Victory means exit strategy, and it's important for the President to explain to us what the exit strategy is.    The Honorable Governor of Texas, George W. Bush

I hate quotations. Tell me what you know.    Ralph Waldo Emerson

Thursday, January 04, 2007

Sac à Merde

I don't watch much opinion laden television these days, but, one aspect of my self-improvement meander is to get to bed at a decent time, and so I found myself having been awake for two hours at 6:00 am and resorting to some semblance of entertainment that doesn't involve the eye strain of another sudoku marathon. Hence the Imus show, and the unpleasantness of an interview with John McCain, heir apparent to the Imperial Throne. That's he, on his high horse. When he gets a little crazy, it's pretty hard to tell him from Bush the Lesser, isn't it?

His screed? Damn the torpedoes, and full speed ahead. Oh, he knows there is chaos in Iraq. And he's aware that Afghanistan is worse than when we found it. He knows better than you or I, he has better sources. Yet he shills the absurdity that 20% more troops might turn chaos into security―might tip the scale toward victory, as if the balance of human survival might swing on such a fractional effort.

You might be tempted to attribute McCain's escalatory attitude to a political manouvre―a ploy for consolidation of all those who would rather sacrifice a few thousand more lives than to accept that we might have made an error in Iraq, and there is no doubt that McCain is ready to parade his lightning steed right down the center of Main Street to invigorate those bastards. But to attribute such a position to mere pragmatism, despicable as such a possibility may be, falls dangerously short.

McCain's apparent blindness isn't Presidential fever. His infection is militarism. He started this morning's interview with a discussion of his favorite Herman Wouk and Hemingway novels. This is how it is with warriors, who tire quickly of peaceful scenarios. Even their recreation must be steeped in the gloriousness of soldiering. Though he dusted off the old saw, "We must learn from our history, or we are doomed...," he clearly is just reveling in the heroic, rather than absorbing the big picture.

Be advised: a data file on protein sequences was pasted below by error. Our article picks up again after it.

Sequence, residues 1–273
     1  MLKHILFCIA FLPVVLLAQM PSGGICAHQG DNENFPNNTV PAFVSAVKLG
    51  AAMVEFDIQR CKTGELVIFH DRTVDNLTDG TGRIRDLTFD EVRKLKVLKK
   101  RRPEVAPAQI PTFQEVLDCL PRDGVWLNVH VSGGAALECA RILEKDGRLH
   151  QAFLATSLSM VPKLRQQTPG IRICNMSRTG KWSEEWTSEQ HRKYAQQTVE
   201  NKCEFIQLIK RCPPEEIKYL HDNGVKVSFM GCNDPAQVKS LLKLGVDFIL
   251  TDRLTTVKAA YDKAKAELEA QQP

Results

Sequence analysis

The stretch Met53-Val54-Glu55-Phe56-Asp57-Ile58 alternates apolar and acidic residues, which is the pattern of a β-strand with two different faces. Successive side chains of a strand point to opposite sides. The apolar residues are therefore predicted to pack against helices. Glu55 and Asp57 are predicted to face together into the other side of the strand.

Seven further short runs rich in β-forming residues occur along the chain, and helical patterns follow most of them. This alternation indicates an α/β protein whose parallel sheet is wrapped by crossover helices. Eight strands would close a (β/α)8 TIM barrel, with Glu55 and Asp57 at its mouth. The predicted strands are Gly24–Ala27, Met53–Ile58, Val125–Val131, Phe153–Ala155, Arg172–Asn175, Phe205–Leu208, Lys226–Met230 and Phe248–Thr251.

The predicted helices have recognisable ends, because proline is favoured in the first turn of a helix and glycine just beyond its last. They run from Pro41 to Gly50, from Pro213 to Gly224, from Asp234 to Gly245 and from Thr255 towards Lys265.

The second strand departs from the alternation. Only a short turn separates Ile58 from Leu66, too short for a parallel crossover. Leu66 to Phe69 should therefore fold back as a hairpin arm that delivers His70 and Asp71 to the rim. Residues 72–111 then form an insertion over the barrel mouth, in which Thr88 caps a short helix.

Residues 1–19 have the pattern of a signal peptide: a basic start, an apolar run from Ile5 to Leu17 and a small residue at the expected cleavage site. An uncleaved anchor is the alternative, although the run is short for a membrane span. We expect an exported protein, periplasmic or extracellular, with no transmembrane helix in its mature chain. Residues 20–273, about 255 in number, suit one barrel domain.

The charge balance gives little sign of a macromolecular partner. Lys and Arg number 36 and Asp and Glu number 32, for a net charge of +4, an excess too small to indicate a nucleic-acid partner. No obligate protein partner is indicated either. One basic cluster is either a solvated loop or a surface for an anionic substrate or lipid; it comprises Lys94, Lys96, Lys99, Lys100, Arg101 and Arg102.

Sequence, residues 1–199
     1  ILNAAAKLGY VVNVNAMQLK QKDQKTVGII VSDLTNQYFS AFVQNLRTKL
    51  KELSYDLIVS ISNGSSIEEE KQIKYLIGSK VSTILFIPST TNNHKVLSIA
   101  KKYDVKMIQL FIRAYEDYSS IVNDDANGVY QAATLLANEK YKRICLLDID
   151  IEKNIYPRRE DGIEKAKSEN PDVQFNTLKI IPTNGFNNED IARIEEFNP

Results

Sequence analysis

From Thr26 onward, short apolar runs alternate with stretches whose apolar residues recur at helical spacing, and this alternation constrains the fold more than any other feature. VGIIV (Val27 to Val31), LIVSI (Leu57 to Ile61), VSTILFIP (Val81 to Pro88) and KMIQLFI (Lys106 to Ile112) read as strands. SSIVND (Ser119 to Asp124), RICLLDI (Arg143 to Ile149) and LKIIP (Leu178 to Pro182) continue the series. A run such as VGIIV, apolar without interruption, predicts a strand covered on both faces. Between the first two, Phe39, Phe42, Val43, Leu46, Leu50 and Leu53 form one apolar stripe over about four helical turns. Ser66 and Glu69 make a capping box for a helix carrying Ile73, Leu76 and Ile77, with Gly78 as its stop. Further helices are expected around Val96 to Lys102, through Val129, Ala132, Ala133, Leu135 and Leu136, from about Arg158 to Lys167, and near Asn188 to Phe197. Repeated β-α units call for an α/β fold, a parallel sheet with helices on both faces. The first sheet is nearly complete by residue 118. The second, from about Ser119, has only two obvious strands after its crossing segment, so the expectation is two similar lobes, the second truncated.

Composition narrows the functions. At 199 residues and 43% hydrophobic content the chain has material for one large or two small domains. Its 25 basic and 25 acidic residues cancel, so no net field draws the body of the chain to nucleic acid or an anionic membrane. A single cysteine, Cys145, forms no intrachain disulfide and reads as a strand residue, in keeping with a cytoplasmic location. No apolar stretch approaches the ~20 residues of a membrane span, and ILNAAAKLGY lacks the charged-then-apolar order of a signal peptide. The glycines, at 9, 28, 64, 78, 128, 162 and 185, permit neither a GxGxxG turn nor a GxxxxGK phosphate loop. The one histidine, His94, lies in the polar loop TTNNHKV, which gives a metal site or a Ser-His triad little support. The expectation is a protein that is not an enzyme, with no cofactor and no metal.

The reality is that Napoleon met his Waterloo, Hitler his Stalingrad, Hannibal his Metaurus, and Harold K Johnson his Tet offensive. Invasions are expensive, messy and, if of any ambitious scope, generally (so to speak) unsustainable. How can McCain miss that point?

Yet he drones on about the preposterous goal of a Vichy Iraq, as if he'd never seen Casablanca. Is he dissembling? Yes. But the truly frightening aspect of all this is that he believes himself, in spite of the evidence. It's irrational. Delusional. He is a dog of war.

And this is what passes for sensibility in such a mindset:

When I was a young man, and all glory was self-glory, I responded aggressively and often irresponsibly to anyone who questioned my honor. I still remember how zealously a boy would attend the needs of his self-respect. But as I grew older, and the challenges to my self-respect became more varied and difficult, I was surprised to discover that while my sense of honor had matured, its defense mattered even more to me than it did when I believed that honor was such a frail thing that any empty challenge could threaten it.

The courage of the living and the dead taught me that. They taught me to dread dishonor above all other injuries. They taught me to be afraid of shame.

The Honor. After all the strategic analysis, punditry and positioning is through, the argument of the aggressor always comes down to this stalwart. The point is not the debilitating effect on a society that endures or wages war. It's not that the loss of young men and women is a tragedy. No, the point is that this loss might become a shame.

The Honor and the Glory. I don't intend to diminish the heroism of the defender. This is important illumination of those selfless deeds.

But let's not be unwary of those who might be staring into that sun a bit too intently.


Post a Comment

<< Home